Reducing Risk in Cardiovascular Events - Episode 13

The Future Role of Bempedoic Acid

Steven E. Nissen, MD: There’s another tool in the tool chest that’s coming, and that’s bempedoic acid.

Deepak L. Bhatt, MD, MPH: Yes. Let’s talk a little about that.

Steven E. Nissen, MD: The PDUFA [Prescription Drug User Fee Act] date for bempedoic acid is in February 2020, early next year. And bempedoic acid is an ATP citrate lyase inhibitor. It works upstream of the enzyme affected by statins, HMG CoA reductase [3-hydroxy-3-methylglutaryl coenzyme A]. It lowers LDL [low-density lipoprotein] modestly in the statin-intolerant patient by around 25%. It can be combined with ezetimibe to get over 40% LDL lowering. In 1 study, it was 48% without giving a statin. For the statin-intolerant patient—and you know, we can argue till we’re blue in the face. Rory Collins thinks it doesn’t exist, statin intolerance. I’m going to tell you that it does.

Deepak L. Bhatt, MD, MPH: I think our primary care audience will say it definitely does.

Steven E. Nissen, MD: I’m going to say more than I’ve ever said publicly. I’m going to tell you that I have taken statins for years. About a year ago I started getting proximal muscle pain. So I switched statins, went to low doses, and got it back 3, 4 days after I started—weakness and pain without CK [creatine kinase] elevations. I’ve tried 5 different statins.

Michael Miller, MD: Could you take it once or twice a week or 3 times a week?

Steven E. Nissen, MD: I’m now on twice-a-week low-dose rosuvastatin. That’s all I can tolerate. I mean, OK, it’s a one-off. It’s an anecdote, OK. But it’s good, when you have to be a patient, that you learn—as we have—that it exists. Now, bempedoic acid is not as powerful as PCSK9 inhibitor. It’s pretty good when you combine with ezetimibe. We have a fully enrolled, 14,000-patient outcome trial that we’re running that we’ll report in a few years about whether it lowers risk or not.

James A. Underberg, MD, MS: And you’re looking at some statin-intolerant patients in that population, right?

Steven E. Nissen, MD: We’re looking at exclusively statin-intolerant patients. By the way, this drug also lowers CRP [C-reactive protein] by as much or more than statins do. And as Paul Ridker and I have both published, there appears to be incremental benefits in statins of getting more CRP reduction.

James A. Underberg, MD, MS: They’re glycemic friendly too, from what I see.

Steven E. Nissen, MD: It does lower HbA1C [hemoglobin A1C] a bit. So it’s hitting on a lot of factors that are involved here, and it’s good to have another tool in the tool chest.

James A. Underberg, MD, MS: It doesn’t seem to get into the muscle cell the way statins do, correct?

Steven E. Nissen, MD: It’s a prodrug.

Christie M. Ballantyne, MD: The conversion happens. The conversions of the active drug to the liver. And the nice thing, Steve, that you point out is that the approval will be as a mono or as a combination in 1 tablet.

Steven E. Nissen, MD: Yes.

Christie M. Ballantyne, MD: Because that will be convenient for patients to be able to have a nonstatin that gives about a 40% reduction. That’s a nice option, as you said. It’s not going to replace statins. It’s not a PCSK9 inhibitor. But it’s another option for patients that we need, because obviously we have lots of people who are not getting to goal.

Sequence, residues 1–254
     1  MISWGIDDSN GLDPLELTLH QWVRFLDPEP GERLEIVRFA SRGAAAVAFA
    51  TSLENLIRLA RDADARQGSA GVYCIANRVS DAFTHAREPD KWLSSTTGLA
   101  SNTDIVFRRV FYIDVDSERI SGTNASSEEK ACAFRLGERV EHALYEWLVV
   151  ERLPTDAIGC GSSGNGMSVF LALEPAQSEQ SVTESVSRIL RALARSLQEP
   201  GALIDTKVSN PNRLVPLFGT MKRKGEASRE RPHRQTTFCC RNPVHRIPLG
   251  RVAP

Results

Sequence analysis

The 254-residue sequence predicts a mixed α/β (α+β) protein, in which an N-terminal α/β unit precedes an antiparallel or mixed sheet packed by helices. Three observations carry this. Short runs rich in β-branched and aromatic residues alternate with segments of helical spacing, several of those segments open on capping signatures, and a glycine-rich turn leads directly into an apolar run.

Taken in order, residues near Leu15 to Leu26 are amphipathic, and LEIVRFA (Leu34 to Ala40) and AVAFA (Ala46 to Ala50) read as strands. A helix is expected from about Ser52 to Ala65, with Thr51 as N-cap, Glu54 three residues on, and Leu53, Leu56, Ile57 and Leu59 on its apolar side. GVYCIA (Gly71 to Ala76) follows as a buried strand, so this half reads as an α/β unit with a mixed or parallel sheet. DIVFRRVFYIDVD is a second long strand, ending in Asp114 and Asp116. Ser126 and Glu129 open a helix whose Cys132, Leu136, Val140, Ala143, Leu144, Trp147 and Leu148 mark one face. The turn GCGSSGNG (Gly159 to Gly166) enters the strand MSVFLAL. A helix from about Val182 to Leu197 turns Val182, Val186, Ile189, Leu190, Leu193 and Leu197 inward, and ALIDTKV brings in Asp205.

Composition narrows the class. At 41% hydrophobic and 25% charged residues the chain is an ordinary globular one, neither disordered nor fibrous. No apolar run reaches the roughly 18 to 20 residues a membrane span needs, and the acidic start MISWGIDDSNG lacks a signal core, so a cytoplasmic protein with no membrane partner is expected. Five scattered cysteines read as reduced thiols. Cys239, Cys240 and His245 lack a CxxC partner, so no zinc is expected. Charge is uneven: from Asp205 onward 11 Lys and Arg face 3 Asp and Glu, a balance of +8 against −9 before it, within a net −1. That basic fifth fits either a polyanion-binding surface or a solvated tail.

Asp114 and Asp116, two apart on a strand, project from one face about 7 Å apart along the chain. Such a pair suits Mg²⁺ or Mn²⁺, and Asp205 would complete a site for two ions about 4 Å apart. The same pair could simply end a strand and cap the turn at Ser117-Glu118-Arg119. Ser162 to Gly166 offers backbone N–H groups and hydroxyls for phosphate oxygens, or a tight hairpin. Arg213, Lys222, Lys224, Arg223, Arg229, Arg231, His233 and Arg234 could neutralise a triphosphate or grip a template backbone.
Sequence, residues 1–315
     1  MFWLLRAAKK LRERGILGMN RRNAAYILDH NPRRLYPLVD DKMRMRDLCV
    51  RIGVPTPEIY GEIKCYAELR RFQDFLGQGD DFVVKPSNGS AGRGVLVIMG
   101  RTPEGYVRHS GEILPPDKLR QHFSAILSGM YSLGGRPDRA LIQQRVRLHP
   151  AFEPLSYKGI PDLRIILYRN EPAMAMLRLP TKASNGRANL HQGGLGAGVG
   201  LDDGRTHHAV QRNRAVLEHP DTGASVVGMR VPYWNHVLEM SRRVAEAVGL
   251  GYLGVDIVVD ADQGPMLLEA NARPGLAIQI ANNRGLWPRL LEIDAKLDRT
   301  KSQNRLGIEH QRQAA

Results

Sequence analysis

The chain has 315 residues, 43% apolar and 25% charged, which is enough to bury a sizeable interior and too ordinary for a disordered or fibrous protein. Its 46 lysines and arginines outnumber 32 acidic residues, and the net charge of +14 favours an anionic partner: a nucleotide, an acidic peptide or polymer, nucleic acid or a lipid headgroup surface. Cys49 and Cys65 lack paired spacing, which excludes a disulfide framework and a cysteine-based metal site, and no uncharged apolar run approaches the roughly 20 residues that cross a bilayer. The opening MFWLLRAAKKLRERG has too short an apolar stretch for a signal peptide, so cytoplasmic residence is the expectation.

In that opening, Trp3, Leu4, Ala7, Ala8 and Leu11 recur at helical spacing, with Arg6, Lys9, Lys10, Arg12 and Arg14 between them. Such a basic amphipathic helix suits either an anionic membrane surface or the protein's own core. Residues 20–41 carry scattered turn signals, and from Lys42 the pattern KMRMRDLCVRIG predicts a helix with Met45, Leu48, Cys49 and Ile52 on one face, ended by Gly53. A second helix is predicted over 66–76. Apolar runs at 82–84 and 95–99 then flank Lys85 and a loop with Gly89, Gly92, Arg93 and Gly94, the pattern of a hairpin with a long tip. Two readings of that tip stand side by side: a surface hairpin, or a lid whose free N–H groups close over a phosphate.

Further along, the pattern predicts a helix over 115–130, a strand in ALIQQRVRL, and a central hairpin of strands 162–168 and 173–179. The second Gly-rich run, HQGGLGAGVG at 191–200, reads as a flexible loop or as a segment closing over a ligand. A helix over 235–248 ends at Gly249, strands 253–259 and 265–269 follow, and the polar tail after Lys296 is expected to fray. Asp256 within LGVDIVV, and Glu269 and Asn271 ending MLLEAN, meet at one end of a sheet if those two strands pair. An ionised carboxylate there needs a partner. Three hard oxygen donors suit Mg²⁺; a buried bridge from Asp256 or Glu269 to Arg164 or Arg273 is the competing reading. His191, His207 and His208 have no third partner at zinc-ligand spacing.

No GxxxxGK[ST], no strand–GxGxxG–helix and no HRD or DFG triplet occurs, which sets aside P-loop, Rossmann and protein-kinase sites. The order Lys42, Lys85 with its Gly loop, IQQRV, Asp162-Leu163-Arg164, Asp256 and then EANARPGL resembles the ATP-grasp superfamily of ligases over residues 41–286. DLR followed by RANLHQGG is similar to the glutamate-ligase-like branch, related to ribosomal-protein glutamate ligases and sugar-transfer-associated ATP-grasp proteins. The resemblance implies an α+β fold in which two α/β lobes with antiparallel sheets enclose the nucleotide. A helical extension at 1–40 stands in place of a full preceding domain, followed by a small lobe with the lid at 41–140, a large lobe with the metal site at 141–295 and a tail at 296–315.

Deepak L. Bhatt, MD, MPH: Steve, let me ask you about that, because you’ve been a proponent for a long time of cardiovascular outcome trials. Indeed, you’re doing 1 with bempedoic acid. If the drug is approved and available, should it be used before the outcome trial comes out?

Steven E. Nissen, MD: You know, the patient sits across the table from me and looks me in the eye and says, “I’ve tried every statin. I can’t tolerate them. They have a high LDL. They’re on ezetimibe.” We can give them cholestyramine. We can try niacin, but the results are not very good. I don’t have a problem in a patient who has a very high LDL. I will tell them we don’t have outcome data. We didn’t have outcome data for years with ezetimibe, and yet we used it.

Christie M. Ballantyne, MD: Or statins.

Steven E. Nissen, MD: Or statins even. LDL is used by the FDA as a “validated surrogate,” and I think that’s why the FDA is willing to approve it. So I will use it. I will use it even more if it shows a good event reduction, for sure. But for the people at this table who generally run lipid clinics—with the exception of Deepak, and you probably see plenty of these people.

Deepak L. Bhatt, MD, MPH: I do.

Steven E. Nissen, MD: You know what I’m talking about. I mean, how many people—Christie, Mike, Jamie—do you see on a weekly basis who come in with symptoms of statin intolerance? Even if it’s not a real disorder, even if you agree with the University of Oxford people that it’s not, the patients won’t take a statin. We need to give them an alternative.

Deepak L. Bhatt, MD, MPH: If the patient meets the criteria for a PCSK9 inhibitor, what would you do in that circumstance, where there is no great outcome data with 2 different PCSK9 inhibitors but some patients don’t like to inject themselves? Some are fine with it, as you pointed out.

Steven E. Nissen, MD: Look, we need multiple opportunities, multiple ways of treating patients. I do use PCSK9 inhibitors in statin-intolerant patients. I studied this in a trial called GAUSS-3 that showed that they were very well tolerated. It also showed that statin intolerance is a real phenomenon, not in everybody but in some of the patients. So we have data. But there will be people in whom either you can’t justify a PCSK9 inhibitor. Or maybe they would do fine with a more modest amount of LDL reduction, particularly in combination with ezetimibe. So I will use both. I will use both strategies.

Transcript edited for clarity.